“Grandfather” Stampede in Delayed New Jersey Stream Rules
Statewide Clean Water Protections Honeycombed with Special Interest Exceptions
Trenton — Even as it formally unveils its controversial “Category One” waters initiative, the New Jersey Department of Environmental Protection has created a major grandfathering loophole, allowing many major development projects to circumvent the new protections, according to an analysis by Public Employees for Environmental Responsibility (PEER). As a result, construction will be allowed to pierce protective buffers around the state’s most ecological valuable rivers, lakes and streams.
“Buried in these rules are enough special interest gifts to keep the spirit of Christmas alive in Trenton for many years to come,” stated New Jersey PEER Director Bill Wolfe, a former DEP official who once headed the Category One (C1) program designed to shield water-bodies that either support critical wildlife or feed into a major drinking-water source from development-induced pollution. “Favors for developers with politically connected projects can only be found by playing hide-and-go-seek through 300 pages of regulatory underbrush.”
Although hailed by DEP as “unprecedented” protections when proposed on Earth Day 2007, the final rules are far more modest, omitting hundreds of miles of waterways vital to wildlife and drinking water. In addition, the new rules contain a raft of convoluted exceptions and set aside science-based criteria for new legally untested methods that may be a poison pill, causing the entire rule to be invalidated.
One gaping loophole buried in the C1 adoption document would grandfather hundreds of projects that had previously obtained DEP permits or local land use approvals. As a result, thousands of acres of environmentally sensitive streams and buffers would be destroyed by projects with old permits that now trump the new C1 stream protections.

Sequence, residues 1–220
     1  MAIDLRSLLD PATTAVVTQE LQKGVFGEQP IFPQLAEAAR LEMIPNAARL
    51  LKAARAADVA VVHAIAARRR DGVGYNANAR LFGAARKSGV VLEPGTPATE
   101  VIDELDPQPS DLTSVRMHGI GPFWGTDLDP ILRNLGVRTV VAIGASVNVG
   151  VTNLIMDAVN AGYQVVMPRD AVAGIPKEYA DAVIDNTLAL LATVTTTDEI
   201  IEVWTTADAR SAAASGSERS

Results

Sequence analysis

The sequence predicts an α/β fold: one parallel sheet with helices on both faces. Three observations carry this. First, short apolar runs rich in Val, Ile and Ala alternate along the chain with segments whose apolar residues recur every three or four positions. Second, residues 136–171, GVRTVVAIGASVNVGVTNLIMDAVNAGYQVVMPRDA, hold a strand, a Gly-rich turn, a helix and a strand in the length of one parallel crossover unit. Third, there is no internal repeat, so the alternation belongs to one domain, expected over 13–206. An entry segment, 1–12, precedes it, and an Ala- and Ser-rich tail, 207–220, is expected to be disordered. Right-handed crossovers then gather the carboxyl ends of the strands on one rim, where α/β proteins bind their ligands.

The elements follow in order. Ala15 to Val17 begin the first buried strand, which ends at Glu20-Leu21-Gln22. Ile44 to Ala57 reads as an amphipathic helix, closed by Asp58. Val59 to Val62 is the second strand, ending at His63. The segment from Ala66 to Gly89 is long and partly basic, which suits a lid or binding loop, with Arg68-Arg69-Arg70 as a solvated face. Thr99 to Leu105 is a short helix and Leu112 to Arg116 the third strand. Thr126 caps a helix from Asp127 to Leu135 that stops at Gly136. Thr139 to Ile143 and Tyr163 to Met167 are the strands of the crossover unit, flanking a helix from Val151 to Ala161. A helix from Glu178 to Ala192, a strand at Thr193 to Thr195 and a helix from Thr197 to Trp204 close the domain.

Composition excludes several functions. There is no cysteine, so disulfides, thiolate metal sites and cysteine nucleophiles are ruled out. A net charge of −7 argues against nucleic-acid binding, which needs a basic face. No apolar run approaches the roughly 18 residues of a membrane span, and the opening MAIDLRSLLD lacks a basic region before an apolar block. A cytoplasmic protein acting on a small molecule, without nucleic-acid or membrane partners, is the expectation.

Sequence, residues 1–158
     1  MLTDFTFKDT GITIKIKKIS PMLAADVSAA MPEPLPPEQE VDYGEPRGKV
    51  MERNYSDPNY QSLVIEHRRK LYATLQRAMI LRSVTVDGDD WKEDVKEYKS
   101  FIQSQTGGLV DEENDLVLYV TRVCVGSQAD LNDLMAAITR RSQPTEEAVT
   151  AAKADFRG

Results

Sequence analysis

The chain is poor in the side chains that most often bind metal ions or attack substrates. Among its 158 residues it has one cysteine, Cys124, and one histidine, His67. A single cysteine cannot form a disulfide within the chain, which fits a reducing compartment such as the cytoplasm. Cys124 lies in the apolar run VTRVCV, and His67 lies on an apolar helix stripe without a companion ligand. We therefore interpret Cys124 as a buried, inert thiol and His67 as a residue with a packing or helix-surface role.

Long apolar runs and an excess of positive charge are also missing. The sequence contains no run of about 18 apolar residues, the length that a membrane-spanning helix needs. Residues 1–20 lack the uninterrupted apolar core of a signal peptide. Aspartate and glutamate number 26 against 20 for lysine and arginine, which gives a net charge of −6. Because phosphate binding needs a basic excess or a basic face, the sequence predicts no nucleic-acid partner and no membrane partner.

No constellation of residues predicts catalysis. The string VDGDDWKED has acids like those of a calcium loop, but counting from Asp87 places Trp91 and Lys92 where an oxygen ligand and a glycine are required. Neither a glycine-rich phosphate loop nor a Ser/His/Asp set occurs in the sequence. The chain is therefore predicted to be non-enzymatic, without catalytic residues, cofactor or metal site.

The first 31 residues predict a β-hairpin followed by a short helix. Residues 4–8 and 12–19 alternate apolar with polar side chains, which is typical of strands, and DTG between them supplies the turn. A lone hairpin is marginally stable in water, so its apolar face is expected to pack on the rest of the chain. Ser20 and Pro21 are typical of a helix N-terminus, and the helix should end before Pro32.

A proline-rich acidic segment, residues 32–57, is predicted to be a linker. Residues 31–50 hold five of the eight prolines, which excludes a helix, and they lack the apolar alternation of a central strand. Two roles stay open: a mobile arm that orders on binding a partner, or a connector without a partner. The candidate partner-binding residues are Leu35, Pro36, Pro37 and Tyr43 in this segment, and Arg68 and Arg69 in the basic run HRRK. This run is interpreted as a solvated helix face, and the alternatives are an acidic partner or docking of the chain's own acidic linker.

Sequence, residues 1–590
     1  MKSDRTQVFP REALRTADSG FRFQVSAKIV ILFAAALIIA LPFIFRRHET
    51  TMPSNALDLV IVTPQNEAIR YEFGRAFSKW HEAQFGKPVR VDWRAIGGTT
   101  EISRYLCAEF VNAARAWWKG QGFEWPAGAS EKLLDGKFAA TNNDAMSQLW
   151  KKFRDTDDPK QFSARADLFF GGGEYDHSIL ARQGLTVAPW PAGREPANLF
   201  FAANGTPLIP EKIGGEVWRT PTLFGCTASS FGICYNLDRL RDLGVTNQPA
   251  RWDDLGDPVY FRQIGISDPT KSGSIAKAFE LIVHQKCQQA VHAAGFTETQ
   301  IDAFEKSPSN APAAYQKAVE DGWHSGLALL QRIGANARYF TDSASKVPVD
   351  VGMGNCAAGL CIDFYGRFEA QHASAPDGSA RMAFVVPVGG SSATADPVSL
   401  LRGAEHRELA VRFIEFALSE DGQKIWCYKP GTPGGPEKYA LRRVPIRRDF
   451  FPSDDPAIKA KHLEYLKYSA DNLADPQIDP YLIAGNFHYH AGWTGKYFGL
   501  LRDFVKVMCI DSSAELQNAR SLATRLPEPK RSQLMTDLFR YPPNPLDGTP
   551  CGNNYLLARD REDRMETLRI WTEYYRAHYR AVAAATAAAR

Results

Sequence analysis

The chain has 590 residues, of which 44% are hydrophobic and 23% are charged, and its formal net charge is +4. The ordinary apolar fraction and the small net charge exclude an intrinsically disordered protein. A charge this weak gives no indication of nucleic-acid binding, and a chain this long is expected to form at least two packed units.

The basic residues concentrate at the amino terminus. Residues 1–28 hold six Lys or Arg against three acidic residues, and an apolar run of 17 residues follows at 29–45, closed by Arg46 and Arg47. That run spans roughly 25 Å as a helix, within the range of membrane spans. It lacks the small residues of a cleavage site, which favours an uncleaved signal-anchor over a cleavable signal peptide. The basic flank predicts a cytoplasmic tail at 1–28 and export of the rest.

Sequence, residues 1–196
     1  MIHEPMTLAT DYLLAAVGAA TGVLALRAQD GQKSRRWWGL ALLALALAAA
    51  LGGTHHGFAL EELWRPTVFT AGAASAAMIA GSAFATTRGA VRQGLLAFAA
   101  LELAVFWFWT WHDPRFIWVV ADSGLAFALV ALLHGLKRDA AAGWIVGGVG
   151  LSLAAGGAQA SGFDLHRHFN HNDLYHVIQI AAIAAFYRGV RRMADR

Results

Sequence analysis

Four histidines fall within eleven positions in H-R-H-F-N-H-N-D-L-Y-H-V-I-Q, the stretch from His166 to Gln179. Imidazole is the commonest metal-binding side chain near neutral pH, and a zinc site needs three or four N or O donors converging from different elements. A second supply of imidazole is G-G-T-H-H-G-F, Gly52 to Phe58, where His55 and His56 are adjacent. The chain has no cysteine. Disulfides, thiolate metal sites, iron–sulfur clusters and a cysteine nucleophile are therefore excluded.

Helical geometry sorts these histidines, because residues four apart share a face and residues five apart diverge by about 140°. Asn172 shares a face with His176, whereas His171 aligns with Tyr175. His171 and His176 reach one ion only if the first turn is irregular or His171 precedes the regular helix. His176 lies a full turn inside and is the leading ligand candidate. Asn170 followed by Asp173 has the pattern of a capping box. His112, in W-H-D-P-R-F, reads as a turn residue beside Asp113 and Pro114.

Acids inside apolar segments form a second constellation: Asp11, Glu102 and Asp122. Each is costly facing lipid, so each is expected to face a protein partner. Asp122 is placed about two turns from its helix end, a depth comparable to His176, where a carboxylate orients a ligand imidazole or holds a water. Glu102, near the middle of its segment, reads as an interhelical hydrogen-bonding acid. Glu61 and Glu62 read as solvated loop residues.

Another key issue is exemptions for pending projects. Even though DEP Commissioner Lisa Jackson signed the C1 adoption document on May 20, 2008, she delayed the effective date until it is formally published in the New Jersey Register, which will be June 16th at the earliest.
This grandfather loophole has already exempted one big project, an 800,000 square-foot corporate office park expansion known as Berwind, located on Carter Road in Hopewell (previously known as Lucent Technologies). According to August 20, 2007 comments submitted by a lawyer on behalf of Berwind Property Group (BPG) in Hopewell campus, the project would be precluded by a C1 designation: “If adopted, the [C1] rule would have a devastating affect on BPG’s ability to redevelop its property…”
On May 29, 2008, the Hopewell Township Planning Board approved the project while refusing to acknowledge that the new C1 rules, adopted just days earlier, would preclude the project.
“By delaying the effective date, DEP has set off a land rush by developers to exempt themselves from the new rules,” Wolfe added, noting that the Hopewell Township Planning Board blocked his submission of testimony last week so that the impending CI rules would not be part of the hearing record. “Whether by design or oversight, DEP has crafted this so that the exceptions swallow the rule.”
New Jersey PEER is a state chapter of a national alliance of state and federal agency resource professionals working to ensure environmental ethics and government accountability